Over-incarceration crosses political, demographic lines

Over Incarceration Crosses Political and Demographic Line

Dec 21, 2018

By Kate Boccia via AJC.com

As we head into the holiday season, Americans should be looking for areas of agreement and things that bring us all together.

Regardless of how big political disagreements may seem, there are issues that transcend political lines, and criminal justice reform is one of those issues. I know from personal experience that nothing compares to the struggle of seeing that while the holidays are a joy for so many, they can also be a reminder for others of those unable to join them this holiday season because of a criminal justice system that over incarcerates.

One out of every two adults has had an immediate family member pass through the justice system, regardless of political affiliation and demographics. This is just one of the many revelations to come out of a recently released report, “Every Second – The Impact of the Incarceration Crisis on America’s Families,” which surveyed thousands of Americans and found that 43 percent of Republicans and 45 percent of Democrats have known a parent, child, spouse or sibling who was incarcerated.

This report from FWD. us and Cornell University also found that 43 percent of Protestants and 42 percent of Catholics shared the same experience. Moreover, the likelihood of living through an immediate family member’s time in prison is the same in the South and in the West, with approximately 49 percent of all adults having shared such an experience. We now know that time spent in our justice system is more universal than we might have expected.

In 2012, my son Daniel was sentenced to 15 years in a medium-security prison. Daniel fell into an all-too common spiral of drug addiction because of a criminal justice system more focused on punishment than rehabilitation. I am fortunate my son has been released from prison and we’ll be spending Christmas together for the first time in six years. But ultimately, I know Daniel’s experience with the criminal justice system is not unique.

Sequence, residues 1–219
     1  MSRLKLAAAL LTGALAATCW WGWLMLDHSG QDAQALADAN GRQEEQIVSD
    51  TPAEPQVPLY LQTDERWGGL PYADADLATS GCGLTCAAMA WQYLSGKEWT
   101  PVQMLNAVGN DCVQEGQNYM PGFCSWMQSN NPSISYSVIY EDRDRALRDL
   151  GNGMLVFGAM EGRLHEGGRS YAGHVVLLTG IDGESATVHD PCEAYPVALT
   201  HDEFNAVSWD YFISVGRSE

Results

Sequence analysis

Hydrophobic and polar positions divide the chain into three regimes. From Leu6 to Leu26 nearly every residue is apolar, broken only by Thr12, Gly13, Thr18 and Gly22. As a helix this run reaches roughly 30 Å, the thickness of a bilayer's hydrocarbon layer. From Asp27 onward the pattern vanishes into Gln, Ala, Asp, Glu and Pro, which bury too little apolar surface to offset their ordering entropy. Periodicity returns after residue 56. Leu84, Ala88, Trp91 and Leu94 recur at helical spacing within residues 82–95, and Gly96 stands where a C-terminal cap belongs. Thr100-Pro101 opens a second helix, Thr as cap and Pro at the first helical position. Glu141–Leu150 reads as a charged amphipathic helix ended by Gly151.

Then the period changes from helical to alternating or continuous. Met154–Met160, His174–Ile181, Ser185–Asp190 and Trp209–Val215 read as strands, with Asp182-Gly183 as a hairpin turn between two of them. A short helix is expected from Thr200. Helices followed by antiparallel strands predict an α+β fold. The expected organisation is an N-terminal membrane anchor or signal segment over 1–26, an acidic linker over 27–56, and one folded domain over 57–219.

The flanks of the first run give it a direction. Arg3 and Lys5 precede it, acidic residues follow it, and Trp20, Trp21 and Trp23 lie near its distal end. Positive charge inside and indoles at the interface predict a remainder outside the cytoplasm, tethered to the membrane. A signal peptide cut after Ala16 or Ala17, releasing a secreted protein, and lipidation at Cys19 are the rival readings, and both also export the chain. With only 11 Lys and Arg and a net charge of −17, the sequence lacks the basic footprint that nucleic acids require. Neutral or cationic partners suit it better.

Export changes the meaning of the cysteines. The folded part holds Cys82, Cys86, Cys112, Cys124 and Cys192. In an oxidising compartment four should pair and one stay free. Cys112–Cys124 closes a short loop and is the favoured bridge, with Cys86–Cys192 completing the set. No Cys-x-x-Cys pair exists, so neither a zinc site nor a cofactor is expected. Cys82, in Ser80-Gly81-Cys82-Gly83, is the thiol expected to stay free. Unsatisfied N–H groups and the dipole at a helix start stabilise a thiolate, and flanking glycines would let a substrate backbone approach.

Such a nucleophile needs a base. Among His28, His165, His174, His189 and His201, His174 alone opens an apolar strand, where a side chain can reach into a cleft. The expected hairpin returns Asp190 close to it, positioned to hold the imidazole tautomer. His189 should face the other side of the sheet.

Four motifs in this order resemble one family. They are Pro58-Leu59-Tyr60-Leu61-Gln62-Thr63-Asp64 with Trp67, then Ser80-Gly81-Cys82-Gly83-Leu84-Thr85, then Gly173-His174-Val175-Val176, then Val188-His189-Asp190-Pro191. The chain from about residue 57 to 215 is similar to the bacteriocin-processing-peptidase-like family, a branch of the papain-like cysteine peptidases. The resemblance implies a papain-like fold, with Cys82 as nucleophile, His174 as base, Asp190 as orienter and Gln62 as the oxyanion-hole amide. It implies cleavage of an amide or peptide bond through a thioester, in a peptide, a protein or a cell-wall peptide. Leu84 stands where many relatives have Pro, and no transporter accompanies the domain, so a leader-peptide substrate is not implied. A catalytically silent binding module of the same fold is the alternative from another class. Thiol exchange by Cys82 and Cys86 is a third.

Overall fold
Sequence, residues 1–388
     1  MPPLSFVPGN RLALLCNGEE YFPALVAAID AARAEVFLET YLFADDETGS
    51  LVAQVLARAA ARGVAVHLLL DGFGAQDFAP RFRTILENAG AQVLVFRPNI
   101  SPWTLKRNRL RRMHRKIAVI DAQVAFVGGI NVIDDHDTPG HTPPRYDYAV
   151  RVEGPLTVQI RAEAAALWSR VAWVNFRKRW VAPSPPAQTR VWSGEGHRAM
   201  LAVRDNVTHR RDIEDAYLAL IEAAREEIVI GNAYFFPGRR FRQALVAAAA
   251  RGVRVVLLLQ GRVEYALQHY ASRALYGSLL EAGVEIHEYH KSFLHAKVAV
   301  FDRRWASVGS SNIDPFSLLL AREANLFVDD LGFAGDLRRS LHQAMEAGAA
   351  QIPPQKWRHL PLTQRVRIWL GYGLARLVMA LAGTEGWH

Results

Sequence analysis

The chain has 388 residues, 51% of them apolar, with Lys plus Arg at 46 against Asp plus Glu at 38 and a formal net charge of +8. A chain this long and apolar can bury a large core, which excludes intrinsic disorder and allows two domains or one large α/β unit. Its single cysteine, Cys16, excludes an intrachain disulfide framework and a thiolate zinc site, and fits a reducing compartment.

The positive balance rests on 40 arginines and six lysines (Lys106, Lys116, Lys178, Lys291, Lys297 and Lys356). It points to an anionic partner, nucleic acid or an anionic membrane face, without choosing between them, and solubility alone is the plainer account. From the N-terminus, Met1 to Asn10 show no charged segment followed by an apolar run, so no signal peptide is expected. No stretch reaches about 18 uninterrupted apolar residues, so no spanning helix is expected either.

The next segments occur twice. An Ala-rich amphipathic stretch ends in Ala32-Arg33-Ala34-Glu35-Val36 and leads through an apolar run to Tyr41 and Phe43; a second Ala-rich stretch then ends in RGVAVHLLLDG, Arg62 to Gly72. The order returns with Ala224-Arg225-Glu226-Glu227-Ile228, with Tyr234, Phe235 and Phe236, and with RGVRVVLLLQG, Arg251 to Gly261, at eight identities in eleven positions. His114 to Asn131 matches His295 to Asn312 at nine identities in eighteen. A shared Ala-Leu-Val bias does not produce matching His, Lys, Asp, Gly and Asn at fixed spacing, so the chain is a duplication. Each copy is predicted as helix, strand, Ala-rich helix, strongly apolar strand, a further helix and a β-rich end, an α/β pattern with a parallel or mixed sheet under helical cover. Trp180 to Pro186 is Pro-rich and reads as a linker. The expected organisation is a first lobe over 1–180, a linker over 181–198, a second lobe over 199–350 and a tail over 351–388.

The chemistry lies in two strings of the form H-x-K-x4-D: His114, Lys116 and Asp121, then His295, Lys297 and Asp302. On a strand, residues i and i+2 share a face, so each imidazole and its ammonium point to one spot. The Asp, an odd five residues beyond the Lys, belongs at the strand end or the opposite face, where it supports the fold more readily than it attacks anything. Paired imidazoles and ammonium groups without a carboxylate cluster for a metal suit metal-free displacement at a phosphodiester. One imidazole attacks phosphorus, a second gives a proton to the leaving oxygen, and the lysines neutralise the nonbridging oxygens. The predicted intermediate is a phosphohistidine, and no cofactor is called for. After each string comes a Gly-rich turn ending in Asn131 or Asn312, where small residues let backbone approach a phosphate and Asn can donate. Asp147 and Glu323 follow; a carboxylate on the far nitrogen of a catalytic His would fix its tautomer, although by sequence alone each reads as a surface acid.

When my son was incarcerated, I founded the National Incarceration Association which brought me into contact with people who knew exactly what I had gone through on a very personal level. They may not “look” like my son or me, vote like us, or attend the same church as us, but they know what my family went through while my son served his time. Like my family, they were among the one in four adults who had a sibling put in prison, one in five adults who had a parent in prison, one in seven with a husband or wife in prison, and one in eight with a child in prison.

The FWD.us report underscores how many American families across all walks of life are caught up in the justice system. When our friends, family members and loved ones are incarcerated, it impacts our health, our spending, and it definitely disrupts our families. We need a criminal justice system that rehabilitates criminals and sets them up for success once they are released. But we also need to support the families of these prisoners so they don’t enter the criminal justice system, too. Incarcerating anyone makes their families more prone to divorce, homelessness and drug abuse.

This Christmas season, we have been given a renewed sense of purpose. We can come together in agreement that it’s not just us or them, but every cross-section of American society that has come into contact with incarceration, whether by a little or by a lot. We can agree that all families who come into contact with incarceration, regardless of their wealth, color or political stance, deserve the chance to come out of it better.

This Christmas, I’m excited to continue what we have started here in our great state and for all the opportunity I have been given. Thanks to Gov. Nathan Deal, Georgia has made great strides in reforming our criminal justice system, but there is still a lot of work to do. In the new year, I hope new Gov. Brian Kemp will pick up the mantle from Gov. Deal and continue to make Georgia a model for other states to emulate.

Kate Boccia of Alpharetta is founder and CEO of The National Incarceration Association.